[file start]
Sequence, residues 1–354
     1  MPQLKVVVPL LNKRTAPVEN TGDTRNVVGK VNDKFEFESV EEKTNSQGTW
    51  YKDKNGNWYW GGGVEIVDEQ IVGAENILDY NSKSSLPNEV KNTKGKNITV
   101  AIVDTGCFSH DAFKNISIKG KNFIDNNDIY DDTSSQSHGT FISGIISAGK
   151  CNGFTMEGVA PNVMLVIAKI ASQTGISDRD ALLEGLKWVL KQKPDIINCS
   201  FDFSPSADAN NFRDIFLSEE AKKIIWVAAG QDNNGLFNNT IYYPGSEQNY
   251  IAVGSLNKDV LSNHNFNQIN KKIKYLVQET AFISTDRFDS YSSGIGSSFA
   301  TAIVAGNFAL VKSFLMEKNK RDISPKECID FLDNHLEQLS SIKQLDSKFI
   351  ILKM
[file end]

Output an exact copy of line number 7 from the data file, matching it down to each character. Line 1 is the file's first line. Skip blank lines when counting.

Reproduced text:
   251  IAVGSLNKDV LSNHNFNQIN KKIKYLVQET AFISTDRFDS YSSGIGSSFA